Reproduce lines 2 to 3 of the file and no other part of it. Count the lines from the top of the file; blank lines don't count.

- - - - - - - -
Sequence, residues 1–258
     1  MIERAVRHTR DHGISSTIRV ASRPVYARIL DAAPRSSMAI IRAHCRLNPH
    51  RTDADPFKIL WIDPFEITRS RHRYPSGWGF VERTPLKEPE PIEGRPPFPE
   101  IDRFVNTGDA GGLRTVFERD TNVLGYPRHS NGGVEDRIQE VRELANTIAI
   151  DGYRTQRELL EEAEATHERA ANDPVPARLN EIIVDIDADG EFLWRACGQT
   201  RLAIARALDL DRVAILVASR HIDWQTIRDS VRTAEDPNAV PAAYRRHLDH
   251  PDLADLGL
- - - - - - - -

     1  MIERAVRHTR DHGISSTIRV ASRPVYARIL DAAPRSSMAI IRAHCRLNPH
    51  RTDADPFKIL WIDPFEITRS RHRYPSGWGF VERTPLKEPE PIEGRPPFPE